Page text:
For federal agencies to use the services of a provider, the services must be based in a FISMA compliant data center that meets the stringent security requirements mandated by the Federal Information Security Management Act (FISMA). The National Institute of Standards and Technology (NIST) creates and maintains the specific security standards that agencies and their vendors are required to follow to remain compliant.
Agency compliance is ensured by the Office of Management and Budget (OMB), which each year reviews federal agencies’ IT programs to verify that they are FISMA compliant whether hosted on-premise or off-premise. The scope of the assessment included CyrusOne’s documented policies and procedures as well as controls implemented for its data centers. The controls that made up the assessment were awareness and training, incident response, maintenance, physical and environmental, personal security, and risk assessment.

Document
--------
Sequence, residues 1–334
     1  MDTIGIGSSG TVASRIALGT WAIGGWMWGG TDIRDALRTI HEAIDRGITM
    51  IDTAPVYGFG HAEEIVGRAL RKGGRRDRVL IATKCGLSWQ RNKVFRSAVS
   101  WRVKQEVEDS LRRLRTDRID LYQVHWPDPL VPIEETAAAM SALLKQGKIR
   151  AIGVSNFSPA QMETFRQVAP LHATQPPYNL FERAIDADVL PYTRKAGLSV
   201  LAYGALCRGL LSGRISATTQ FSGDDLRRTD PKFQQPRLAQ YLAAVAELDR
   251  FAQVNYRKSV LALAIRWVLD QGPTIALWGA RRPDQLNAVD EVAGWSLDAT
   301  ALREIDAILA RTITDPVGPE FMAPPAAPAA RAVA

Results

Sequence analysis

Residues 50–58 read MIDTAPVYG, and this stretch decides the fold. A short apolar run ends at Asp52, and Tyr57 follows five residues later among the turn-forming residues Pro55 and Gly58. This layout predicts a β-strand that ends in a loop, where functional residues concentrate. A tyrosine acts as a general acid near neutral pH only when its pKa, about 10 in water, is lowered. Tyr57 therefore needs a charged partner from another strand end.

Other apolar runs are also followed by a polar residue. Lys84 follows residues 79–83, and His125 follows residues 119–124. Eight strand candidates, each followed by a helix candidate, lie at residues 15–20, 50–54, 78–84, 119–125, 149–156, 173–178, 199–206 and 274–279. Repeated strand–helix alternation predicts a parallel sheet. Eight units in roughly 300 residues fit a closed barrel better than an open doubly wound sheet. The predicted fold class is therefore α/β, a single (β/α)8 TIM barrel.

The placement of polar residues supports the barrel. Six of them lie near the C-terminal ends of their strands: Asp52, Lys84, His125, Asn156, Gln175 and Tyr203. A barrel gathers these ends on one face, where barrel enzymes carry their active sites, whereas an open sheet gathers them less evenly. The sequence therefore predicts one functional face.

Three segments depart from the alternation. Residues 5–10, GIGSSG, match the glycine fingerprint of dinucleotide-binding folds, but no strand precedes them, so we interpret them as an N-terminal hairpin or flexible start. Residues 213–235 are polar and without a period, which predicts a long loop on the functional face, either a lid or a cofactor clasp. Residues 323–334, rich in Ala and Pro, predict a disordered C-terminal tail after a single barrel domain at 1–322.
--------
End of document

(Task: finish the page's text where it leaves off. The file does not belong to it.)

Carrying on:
U.S. Green Building Council – LEED
The U.S. Green Building Council’s LEED green building certification system is the foremost program for the design, construction and operation of green buildings. Over 33,000 projects are currently participating in the commercial and institutional LEED rating systems, comprising over 9.7 billion square feet of construction space in all 50 states and 114 countries. In addition, nearly 6,000 homes have been certified under the LEED for Homes rating system, with nearly 25,000 more homes registered. By using less energy, LEED-certified buildings save money for families, businesses and taxpayers; reduce greenhouse gas emissions; and contribute to a healthier environment for residents, workers and the larger community. For more information, visit www.usgbc.org.